Rufus Gore

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Rufus Gore suggests that, in his case, a possible link between hardcore rhythm & blues and horror splatter films might be in more than surname only. Gore specialized in vivid, Technicolor-screaming saxophone…
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Rufus Gore suggests that, in his case, a possible link between hardcore rhythm & blues and horror splatter films might be in more than surname only. Gore specialized in vivid, Technicolor-screaming saxophone solos during which a listener with a good imagination might think they are being splattered with droplets of the performer's saliva, if not his blood and soul. Or it could be sweat, since Gore liked to play in bands that laid down a hard, unrelenting groove.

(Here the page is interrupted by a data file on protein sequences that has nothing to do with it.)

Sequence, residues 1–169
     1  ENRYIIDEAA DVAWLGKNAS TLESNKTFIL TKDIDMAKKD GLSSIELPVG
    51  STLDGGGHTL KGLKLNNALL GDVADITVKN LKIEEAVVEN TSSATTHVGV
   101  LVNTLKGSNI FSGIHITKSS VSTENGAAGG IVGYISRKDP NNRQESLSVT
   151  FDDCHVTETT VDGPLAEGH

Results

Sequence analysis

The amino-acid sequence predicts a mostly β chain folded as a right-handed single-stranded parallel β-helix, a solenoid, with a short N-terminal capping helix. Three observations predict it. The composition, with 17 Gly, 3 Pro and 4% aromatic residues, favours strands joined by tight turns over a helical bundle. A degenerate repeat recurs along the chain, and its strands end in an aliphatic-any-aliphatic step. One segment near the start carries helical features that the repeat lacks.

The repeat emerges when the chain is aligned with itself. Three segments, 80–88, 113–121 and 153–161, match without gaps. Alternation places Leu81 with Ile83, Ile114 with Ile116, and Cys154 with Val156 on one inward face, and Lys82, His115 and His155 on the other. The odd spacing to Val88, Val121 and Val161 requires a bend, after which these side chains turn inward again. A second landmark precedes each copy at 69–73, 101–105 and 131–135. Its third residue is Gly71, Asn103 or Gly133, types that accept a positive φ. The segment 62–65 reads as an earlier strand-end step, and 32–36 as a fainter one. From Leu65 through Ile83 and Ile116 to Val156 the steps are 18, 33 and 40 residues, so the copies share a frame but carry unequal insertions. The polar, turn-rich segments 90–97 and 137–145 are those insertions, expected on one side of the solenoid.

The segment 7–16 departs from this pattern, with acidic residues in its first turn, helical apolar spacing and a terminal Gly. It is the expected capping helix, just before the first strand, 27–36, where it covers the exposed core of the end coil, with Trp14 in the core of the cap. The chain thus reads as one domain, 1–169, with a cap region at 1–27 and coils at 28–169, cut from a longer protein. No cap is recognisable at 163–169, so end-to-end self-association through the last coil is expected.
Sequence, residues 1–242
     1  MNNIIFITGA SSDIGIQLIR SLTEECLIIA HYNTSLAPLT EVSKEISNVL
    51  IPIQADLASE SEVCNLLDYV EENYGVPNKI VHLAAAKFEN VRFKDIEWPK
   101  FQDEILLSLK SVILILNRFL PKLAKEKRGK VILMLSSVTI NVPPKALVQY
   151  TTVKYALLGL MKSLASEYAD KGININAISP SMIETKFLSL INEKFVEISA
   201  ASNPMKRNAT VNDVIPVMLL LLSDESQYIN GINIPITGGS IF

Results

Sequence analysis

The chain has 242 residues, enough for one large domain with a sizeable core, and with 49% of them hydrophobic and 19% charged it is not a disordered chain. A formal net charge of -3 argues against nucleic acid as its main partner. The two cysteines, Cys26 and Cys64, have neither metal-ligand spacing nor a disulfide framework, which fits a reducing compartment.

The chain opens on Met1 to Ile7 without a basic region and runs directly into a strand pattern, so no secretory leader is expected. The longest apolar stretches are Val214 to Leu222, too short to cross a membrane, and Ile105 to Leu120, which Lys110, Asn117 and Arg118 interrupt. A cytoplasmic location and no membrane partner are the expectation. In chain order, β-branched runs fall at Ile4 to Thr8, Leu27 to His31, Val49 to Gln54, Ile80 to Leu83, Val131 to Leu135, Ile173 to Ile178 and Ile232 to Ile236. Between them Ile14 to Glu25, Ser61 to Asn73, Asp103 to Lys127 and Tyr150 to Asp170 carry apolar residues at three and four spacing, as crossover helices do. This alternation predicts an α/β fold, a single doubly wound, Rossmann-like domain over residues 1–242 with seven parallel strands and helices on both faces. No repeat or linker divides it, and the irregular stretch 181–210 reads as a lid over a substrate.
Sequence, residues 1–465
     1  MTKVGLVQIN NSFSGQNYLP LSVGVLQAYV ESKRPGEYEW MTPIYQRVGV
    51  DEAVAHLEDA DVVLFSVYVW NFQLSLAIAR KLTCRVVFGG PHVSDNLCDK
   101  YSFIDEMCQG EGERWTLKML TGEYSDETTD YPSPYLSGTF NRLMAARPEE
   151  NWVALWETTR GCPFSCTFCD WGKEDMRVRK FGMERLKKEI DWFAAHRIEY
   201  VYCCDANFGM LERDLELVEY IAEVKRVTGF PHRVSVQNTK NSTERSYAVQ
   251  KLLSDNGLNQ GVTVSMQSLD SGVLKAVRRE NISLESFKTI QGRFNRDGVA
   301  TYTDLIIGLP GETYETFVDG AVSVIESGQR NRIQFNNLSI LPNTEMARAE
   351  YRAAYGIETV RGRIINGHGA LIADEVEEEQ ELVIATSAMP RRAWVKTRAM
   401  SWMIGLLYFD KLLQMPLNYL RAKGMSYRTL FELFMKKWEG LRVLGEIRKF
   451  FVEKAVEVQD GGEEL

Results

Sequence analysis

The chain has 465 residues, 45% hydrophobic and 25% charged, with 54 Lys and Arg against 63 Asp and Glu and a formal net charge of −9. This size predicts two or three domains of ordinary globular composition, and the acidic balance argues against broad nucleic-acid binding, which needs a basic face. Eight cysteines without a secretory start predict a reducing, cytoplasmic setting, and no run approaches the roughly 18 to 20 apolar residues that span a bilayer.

His recording career took him from Chicago to New Orleans, working with some of the finest rhythm & blues performers of the '50s and '60s along the way. This includes the marvelous Wyonnie Harris, whose signature sound is almost always drenched in honking saxophones. As for New Orleans, the tenor saxophonist worked with some of the best players, such as pianist James Booker and the innovative Allen Touissant. He can be heard to great effect in this company on the collection entitled Simply Red, an anthology of the works of New Orleans tenor honker Alvin "Red" Tyler, with whom Gore was inspired to play matcher with the rip-roaring sax blowing. Gore also recorded with Little WIllie John, soul goddess Esther Phillips, and the unusual Moon Mullican, an eccentric hillbilly piano pounder who was one of the few artists from his crowd to cross the color line and record directly with black bands. The most treasured items in this saxophonist's output, however, are rare singles he cut under his own name. These are without exception excellent instrumentals, usually swaggering to life under provocative titles such as "Big Ends" and "Fire Water." It is no wonder that Gore's records under his own name often make lists of "must have" rhythm & blues instrumentals. Yet the same critics that wax enthusiastically about these recordings often preface their comments with broad requests for some details about Rufus Gore himself, about whom not much information is available other than the great sounds and feelings in his recorded solos. But that, as suggested by Jean Paul Sartre in his great novel Nausea, might be enough.